Day 1. April 11, 2013. Our multi-generation family trip to Spain starts at Logan Airport in Boston (Here are my Tips for Multi-Generation Family Travel). The group consists of my parents, myself, my husband Vit and our two kids: 13-year-old Dennis and 3-year-olds Vivi. While there is over sixty-year age difference between the youngest and the oldest group members we are determined to make the most of the trip!
Dennis is an experienced European traveler by now (Denmark, Italy, Russia, Greece, Germany, England and Spain all behind him), but this is a first air plane flight for Vivi and she is the most excited.
Here is the map of our itinerary:
Day 2. Arrival in Madrid.
From the airport, we take a taxi to our “old world charm” (and very centrally located) Hotel Tryp Ambassador where Olga, my old college friend from Russia, is already waiting. After a quick coffee break in a neighborhood café, we begin exploring the city. We walk a couple of blocks to Plaza del Sol (very busy and unimpressive) which we for a short “jetleg moment” confuse with Plaza Mayor, but then find our way to a “real” (and very impressive) Plaza Mayor- Madrid’s very central and very historical Plaza.
Another coffee/beer brake, quite a bit more walking, and we have made it to Reina Sofia Museum of Modern Art, housing Picasso’s Guernica. It is starting to get dark when we leave the Museum, but this is the (first and most exciting) Day that Never Ends , so as we walk back to our hotel we find an almost charming (cheap, for sure!) dinner place. We are intrigued by Spanish-only menu (I get to practice my Spanish- fresh out of Sharon adult ed) – yet, suspiciously, we are the only ones there. All in all, exhaustion takes over and our (don’t forget!) multi-generational crowd finally reaches the designated hotel beds.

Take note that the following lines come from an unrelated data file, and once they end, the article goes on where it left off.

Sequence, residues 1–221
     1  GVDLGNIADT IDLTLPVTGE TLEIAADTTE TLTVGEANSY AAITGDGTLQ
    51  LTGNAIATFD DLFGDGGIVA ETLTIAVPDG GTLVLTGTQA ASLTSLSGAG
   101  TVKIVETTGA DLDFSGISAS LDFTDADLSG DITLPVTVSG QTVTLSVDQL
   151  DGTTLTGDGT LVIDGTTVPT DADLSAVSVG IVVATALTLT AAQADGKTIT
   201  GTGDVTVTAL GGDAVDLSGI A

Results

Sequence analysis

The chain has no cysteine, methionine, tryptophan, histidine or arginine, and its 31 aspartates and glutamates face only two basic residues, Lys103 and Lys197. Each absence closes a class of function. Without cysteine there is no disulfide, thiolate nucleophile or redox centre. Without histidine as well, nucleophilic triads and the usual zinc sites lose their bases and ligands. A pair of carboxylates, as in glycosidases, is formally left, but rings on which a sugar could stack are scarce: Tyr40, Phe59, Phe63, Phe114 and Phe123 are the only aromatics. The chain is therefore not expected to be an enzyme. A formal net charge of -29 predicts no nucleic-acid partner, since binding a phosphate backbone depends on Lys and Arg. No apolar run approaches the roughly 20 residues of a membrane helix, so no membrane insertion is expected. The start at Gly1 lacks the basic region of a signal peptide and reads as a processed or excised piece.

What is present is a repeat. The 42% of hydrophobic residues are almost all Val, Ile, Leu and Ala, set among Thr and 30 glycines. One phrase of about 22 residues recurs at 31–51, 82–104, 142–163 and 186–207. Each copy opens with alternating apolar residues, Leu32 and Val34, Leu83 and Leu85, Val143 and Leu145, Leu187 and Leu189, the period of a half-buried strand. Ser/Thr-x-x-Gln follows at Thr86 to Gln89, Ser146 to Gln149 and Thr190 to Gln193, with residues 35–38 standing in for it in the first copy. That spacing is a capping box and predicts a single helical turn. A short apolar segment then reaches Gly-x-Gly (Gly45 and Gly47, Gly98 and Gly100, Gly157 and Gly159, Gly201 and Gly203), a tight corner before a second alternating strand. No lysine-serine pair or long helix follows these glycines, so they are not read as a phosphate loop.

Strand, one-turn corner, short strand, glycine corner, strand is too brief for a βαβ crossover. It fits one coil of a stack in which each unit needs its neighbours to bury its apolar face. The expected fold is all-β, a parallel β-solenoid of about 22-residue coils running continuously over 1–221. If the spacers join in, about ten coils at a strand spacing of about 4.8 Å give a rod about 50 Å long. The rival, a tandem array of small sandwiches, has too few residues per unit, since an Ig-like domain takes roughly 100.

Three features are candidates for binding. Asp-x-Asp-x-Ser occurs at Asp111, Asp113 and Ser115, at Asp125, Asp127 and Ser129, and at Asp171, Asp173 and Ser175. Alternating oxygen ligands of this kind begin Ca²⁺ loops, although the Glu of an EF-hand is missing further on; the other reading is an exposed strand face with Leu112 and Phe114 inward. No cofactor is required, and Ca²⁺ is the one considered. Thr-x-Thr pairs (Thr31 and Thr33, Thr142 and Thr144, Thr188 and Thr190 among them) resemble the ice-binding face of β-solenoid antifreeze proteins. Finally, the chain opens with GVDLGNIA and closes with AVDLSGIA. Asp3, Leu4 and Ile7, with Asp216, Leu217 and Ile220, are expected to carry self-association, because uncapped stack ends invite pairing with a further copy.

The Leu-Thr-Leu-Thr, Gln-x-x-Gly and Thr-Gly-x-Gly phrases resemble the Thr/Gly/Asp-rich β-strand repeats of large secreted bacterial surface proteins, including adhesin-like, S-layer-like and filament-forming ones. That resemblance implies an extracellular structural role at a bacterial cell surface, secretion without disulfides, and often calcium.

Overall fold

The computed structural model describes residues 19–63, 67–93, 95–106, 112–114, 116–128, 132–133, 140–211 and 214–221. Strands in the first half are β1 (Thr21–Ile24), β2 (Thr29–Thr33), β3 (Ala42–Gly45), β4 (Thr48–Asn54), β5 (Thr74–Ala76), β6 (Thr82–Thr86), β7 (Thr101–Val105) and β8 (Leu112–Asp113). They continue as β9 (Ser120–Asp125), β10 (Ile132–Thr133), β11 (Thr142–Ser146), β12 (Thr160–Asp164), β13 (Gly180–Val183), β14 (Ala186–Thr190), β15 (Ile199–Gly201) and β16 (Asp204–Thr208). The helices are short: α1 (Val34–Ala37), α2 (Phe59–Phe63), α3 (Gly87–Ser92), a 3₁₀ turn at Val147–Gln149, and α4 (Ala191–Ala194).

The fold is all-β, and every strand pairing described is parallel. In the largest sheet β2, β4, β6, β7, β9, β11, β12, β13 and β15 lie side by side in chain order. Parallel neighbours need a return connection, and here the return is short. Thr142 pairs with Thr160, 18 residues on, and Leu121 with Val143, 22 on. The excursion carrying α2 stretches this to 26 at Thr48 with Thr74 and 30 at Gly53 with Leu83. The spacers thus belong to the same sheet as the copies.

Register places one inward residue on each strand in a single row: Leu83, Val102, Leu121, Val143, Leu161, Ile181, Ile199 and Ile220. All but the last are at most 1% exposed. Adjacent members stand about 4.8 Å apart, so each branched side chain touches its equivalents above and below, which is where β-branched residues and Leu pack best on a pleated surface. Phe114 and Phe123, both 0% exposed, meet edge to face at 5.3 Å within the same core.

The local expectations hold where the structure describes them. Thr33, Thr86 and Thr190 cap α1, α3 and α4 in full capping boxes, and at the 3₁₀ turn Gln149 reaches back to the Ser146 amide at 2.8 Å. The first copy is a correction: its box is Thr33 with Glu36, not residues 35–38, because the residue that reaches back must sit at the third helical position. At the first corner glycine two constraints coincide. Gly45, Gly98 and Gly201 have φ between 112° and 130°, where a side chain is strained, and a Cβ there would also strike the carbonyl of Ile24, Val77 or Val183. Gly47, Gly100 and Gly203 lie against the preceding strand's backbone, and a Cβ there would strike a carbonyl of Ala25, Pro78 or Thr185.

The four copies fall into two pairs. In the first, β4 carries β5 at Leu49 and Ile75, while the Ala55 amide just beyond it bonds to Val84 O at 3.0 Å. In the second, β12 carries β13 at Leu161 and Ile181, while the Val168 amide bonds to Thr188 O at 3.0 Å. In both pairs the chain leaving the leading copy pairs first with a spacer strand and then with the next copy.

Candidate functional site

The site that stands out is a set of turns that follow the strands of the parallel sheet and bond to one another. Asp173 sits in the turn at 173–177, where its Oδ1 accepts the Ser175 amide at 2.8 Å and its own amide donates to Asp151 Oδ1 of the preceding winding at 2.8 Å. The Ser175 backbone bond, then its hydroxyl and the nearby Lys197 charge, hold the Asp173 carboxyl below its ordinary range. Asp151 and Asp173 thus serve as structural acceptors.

Day 2. More of Madrid.
After missing an entire night of sleep the day before, we almost did not make it to breakfast today. We walked into the dining room at 10:50am to realize that Spanish do mean it when they say “breakfast until 11”. That gets us eating and moving fast and at 12, at Plaza Mayor, we are joining an English speaking group for an official walking tour of the city (tour of Royal Palace included).
We finish the day trying out innovative tapas and admiring the trendy crowd at the vibrant Cava Bajas.
Some of us are then ready to end the day while others (including a three-year-old Vivi who must have inherited a hunger for celebrations from her mom) head out for some nighttime churros and chocolate at the old chocolateria San Gines right next to Plaza Mayor.
Day 3. Barcelona and Toledo.
Today the group splits in two: grandparents take Dennis on a side trip to their favorite Barcelona (speed trains make a day journey possible) and the rest of the group plans to sightsee in a nearby Toledo. After a busy day in Toledo (Cathedral, Sinagoga del Transito, Museo el Grego, Plaza Zacodover and multiple photo sessions at the Toledo’s panoramic bridges and viewpoints), Toledo group arrives at Madrid’s Plaza Santa Ana in the evening, in search of Spain’s literary heroes (Servantes and Vega), but instead, opts for some beer and tapas (and a playground play!). We just have to leave some things to come back to Madrid for!
Barcelona group had as busy a day with a 6-hr tour of the city and all the Gaudi sights and arrived back in Madrid Hotel (not without an adventure!), with enough energy only to make it to a hotel dining room and order some Russian salad (a “sure” thing on every Spanish menu).
Today we are leaving Madrid for our journey to the south of Spain (after some tearful good-buys with our friend Olga who heads back to Russia). Thanks to new Renfe speed trains it takes less than two hours to reach Cordoba from Madrid and another 40 minutes bring you from Cordoba to Seville. We board a Sevilla-bound train, and make a first stop in Cordoba to tour the old city with our own private tour guide Isabel (you may find contact information for all our tour guides at the end of this post).
We meet with Isabel at the entrance to the old Jewish Quarter (Juderia), and although not Jewish (“But who really knows, in Spain?”, she says), she tells us the Jewish story of Cordoba. We stop at the Monument of Maimonides and tour Museo del Jews Sephardica. The culmination of the tour is multi-religious Cathedral-Mosque of Cordoba (“the Mesquita”). You can see more on Mesquita under the pictures below.
Day 6. Seville.
At 100F degrees, Seville made our hard work as tourists even more difficult- but she generously rewarded us with beautiful sights, delicious food and celebratory ambiance of the annual April Feria. We started our introduction to the city at Plaza de Triumfo, with our private guide Louis, who walked us through Seville’s Cathedral and Royal Alcazar (both Unesco’s World Heritage Sites).